Come Oscar season, all cinephiles are ready to campaign for their favorite film. Are you Team Gravity or Team 12 Years a Slave? Jennifer Lawrence or Lupita Nyong’o? While movie fans have likely seen all the big nominees by this point, there are smaller categories where even some film enthusiasts may not be as well-versed. Leading up to the Oscars, EW will tell you all about one often-overlooked category: Best Documentary Short. Come back each day this week for a look at one of the nominees, and impress your Oscar party with your knowledge when the category appears on Sunday’s broadcast.
Today: Facing Fear, by Jason Cohen
Most people think it’s a pretty big deal to forgive a friend for a dumb joke, or to forgive a high school mean girl years later. Forgiveness may get a lot of play in our culture, but the actual forgiving part can take some serious work — and there are some things that nearly anyone wouldn’t be able to forgive.
Enter Matthew Boger and Tim Zaal. One was a struggling gay teen. One was a Nazi skinhead. 34 years ago, Zaal and a group of his friends beat up Boger and left him for dead in a Los Angeles alley. It was shocking that Boger miraculously survived, but even more shocking is what happened 28 years later when the two’s paths crossed again.
How did you originally hear about these men?
I was doing a bigger project for a non-profit that promotes love and forgiveness around the world. The [group] was doing some outreach with Matthew and Tim’s presentation at the [Museum of Tolerance] and they sort of introduced me to them. When I read their story I was instantly drawn to it, and thought it would make a great film.
Well the actual story itself is so extraordinary to think how these two men intersected in each other’s lives and then how they came back into each other’s lives. But I also really thought we could explore the process of forgiveness that they had been going through at that point for six years. And really dig deeper into what they were going through and the struggle involved with that.
What do you hope people take away from seeing this film?
We’re hoping that people watch the film and figure out how it relates to them in their own lives. We obviously hope people haven’t gone through as dramatic a situation as Matthew and Tim but we do feel there are themes in this film that anyone could take away and apply on a smaller scale. Of course, there are also themes about bullying, hate, and homophobia, which we wanted to get out to the forefront as well.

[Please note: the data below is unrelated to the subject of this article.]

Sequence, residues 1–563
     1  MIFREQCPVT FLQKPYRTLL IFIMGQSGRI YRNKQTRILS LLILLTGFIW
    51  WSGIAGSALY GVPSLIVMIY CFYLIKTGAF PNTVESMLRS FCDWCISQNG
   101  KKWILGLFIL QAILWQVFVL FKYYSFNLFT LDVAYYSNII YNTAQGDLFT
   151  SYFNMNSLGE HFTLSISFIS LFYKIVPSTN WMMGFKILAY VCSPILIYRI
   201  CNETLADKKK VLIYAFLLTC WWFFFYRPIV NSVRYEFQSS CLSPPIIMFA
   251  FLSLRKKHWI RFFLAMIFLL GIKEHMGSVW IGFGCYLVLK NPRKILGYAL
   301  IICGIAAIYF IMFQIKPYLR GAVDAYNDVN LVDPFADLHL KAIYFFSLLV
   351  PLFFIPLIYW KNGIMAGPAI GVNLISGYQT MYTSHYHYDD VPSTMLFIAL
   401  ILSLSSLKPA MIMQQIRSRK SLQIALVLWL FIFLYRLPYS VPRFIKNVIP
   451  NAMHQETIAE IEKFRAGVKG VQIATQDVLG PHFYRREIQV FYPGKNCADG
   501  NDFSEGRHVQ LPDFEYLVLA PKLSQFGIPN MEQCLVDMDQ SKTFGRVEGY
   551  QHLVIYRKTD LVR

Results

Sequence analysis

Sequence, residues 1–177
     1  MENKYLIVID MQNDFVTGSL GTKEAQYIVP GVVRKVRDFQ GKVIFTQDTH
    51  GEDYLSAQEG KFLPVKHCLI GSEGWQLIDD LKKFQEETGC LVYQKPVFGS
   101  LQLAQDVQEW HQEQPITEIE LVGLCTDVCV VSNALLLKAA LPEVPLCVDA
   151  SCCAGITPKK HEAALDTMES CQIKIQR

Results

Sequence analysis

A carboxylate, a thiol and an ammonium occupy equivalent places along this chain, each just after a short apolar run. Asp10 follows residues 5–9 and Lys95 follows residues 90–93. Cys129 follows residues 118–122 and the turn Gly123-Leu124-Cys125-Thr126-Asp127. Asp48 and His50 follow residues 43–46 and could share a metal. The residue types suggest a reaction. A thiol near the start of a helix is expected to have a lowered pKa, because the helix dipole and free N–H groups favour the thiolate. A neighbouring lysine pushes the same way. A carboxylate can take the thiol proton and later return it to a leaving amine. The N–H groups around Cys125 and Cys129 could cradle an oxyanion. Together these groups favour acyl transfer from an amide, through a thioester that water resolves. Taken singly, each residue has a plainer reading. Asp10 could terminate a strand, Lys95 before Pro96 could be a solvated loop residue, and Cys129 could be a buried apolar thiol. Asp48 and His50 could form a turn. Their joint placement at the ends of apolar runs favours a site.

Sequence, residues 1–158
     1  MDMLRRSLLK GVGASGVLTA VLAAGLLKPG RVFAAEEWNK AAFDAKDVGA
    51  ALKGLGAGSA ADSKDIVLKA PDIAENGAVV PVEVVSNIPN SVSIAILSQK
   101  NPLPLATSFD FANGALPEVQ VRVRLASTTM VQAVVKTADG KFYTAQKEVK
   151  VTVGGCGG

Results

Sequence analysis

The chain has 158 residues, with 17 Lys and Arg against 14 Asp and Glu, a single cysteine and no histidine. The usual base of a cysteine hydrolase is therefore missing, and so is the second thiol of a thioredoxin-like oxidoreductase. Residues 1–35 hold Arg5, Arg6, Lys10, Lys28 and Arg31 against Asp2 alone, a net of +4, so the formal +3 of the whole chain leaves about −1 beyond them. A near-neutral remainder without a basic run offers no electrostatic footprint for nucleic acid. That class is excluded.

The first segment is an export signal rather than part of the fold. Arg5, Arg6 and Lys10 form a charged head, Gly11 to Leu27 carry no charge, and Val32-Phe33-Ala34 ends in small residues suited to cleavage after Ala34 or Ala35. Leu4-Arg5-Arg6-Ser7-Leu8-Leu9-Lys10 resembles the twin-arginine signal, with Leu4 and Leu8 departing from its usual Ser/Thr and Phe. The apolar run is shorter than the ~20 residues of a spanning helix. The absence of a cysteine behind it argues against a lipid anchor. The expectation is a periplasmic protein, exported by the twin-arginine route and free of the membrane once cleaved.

What surprised you most about your initial conversations with Matthew and Tim?
For me, and through the course of making this film, for me these guys are heroic. That they are able to take this awful event and turn it around into something so positive, I don’t know if I could do the same. They have really bared their souls for other people to benefit from their stories. And fortunately for us, they did so even more in the film so that many more people will be impacted by it.
Have Matthew and Tim seen the film?
Oh yeah. We go out and do Q&As since we first premiered the film back in July. They’ve been out and about with the film. They’re really happy with it. It’s been something for them, they’d been out doing presentations for a few years at schools and jails, but I think with the film they were able to open up a little bit further and talk about things maybe they hadn’t been comfortable talking about before. And I think it’s been cleansing for them. They do a monthly presentations [at the Museum of Tolerance] and then still go out at jails and schools. Matthew is the manager of the museum, so he still works there. And Tim volunteers.
Tell me about the reactions you’ve received from people watching the screenings.
People are touched in different ways. When you get passed the ‘Oh my gosh, I can’t believe this actually happened’ part of the story, then I think people really are looking at this process of forgiveness that they both struggled through. I think people are looking at it as sort of examining human nature, as a result, people are able to look at their own lives. Maybe they don’t have these exact circumstances but just in general, human nature and compassion and a way of getting along in general, I think people are taking that away from it. Obviously, some people are connecting to some of the storylines about hate and homophobia and bullying because unfortunately it is something that still does happen today, even though this story took place 34 years ago.
The Oscar stuff is certainly exciting.
Yeah. For us it’s very exciting. It’s not something we ever thought about when we were making the film but we were certainly honored and pleased with everything. For us, this is a pretty small documentary, it’s short, we don’t normally get a huge platform to put it out there. The exposure and attention is amazing to us because we’re going to be able to take it out to a much wider audience then we ever, ever would have thought.
What’s next for you?
I mentioned briefly, this film was part of a much bigger project. We have a feature-length documentary [coming next.] That we shot around the world that has four other stories in it. This [Facing Fear] didn’t fit with those. So those [other stories] are a completely separate film and it’s done and we’re going to start pushing that out when we get through all this excitement and Oscar stuff. That one is called Four Women, One World. It’s a large process about love and forgiveness around the world. Theirs is one of five that we shot, and the other four are in a feature film.
Facing Fear is now in theaters along with all the Oscar-nominated documentary shorts. Distribution for VOD/DVD is in the works.